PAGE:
Allawi cautioned that Iraqi and U.S. forces "are not going to be easy" with suspected terrorists and insurgents.

"We are going to bring them to justice, and we are going to ensure the safety of the people of Iraq," he said.

Kurdish-ruled areas in northern Iraq are exempt from the state of emergency, Allawi spokesman Thaer Naqib said.

Allawi said the time is up for the insurgents in Falluja.

"We can't wait indefinitely," he said. "We have made our case very clear. We are ready to intervene as far as we can to salvage the people who have been taken hostage by the bunch of terrorists and bandits and insurgents who have been part of the old regime ... and were involved in atrocities when [former Iraqi leader] Saddam [Hussein] was around."

Falluja has been the target of daily artillery and air attacks as Marines and Iraqi forces prepare for their expected assault on the city.

Fleeing residents have pared Falluja's normal population of about 250,000 down to about 50,000 people.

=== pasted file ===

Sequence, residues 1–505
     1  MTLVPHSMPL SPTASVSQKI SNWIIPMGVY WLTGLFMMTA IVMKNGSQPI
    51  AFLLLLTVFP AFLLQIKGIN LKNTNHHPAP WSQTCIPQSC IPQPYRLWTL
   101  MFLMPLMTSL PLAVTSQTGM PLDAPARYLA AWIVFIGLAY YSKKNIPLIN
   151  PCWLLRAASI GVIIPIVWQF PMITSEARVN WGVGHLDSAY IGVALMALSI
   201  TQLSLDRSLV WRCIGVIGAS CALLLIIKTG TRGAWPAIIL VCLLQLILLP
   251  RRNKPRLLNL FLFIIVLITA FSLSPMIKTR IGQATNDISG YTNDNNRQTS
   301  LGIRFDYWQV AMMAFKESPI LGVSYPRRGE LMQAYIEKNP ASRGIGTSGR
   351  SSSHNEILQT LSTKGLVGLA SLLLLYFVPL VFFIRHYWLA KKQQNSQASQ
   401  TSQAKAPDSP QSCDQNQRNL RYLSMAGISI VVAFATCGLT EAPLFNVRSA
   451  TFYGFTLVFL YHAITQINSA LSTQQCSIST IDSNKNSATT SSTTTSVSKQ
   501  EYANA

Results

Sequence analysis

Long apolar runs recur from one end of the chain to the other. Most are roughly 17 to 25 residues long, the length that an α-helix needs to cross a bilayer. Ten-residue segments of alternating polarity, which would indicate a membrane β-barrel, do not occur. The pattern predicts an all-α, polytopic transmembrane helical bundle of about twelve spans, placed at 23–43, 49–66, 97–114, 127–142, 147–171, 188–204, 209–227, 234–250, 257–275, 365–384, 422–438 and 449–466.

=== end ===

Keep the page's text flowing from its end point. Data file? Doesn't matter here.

And Marines said they believe there are about 3,000 hard-core insurgents remaining in the Sunni Muslim city.

Bombarding the city

U.S. warplanes, including powerful AC-130 gunships, have bombarded insurgent targets in recent days ahead of the offensive. Several explosions jolted the region early Saturday, with fireballs lighting up the nighttime sky and the sound of AC-130 cannon fire rattling the area. (Full story)

U.S. tanks were also engaged in the northeastern part of Falluja, and artillery was fired at insurgent positions. Machine gun and small-arms fire could be heard as well.

"We're going to start at one end of the city, and we're not going to stop until we get to the other," said Lt. Col. Pete Newell, a battalion commander from the U.S. Army's 1st Infantry Division.

"If there's anybody left when that happens, we're going to turn around and we're going to go back and finish it."

Marines attacked Falluja in April after four U.S. private security contractors were killed and mutilated. The ensuing battles led to many deaths. The U.S.-led forces established an indigenous Falluja brigade to restore peace to the city, but in the summer, the brigade fell apart and insurgents solidified control there.

The city, which is known as the City of Mosques, will provide dangerous terrain for the thousands of U.S. and Iraqi troops, who expect a textbook urban warfare scenario on its wide avenues, narrow streets and blind alleys.

Marines hope to surprise insurgents with speed -- using infantry, tanks and attack helicopters.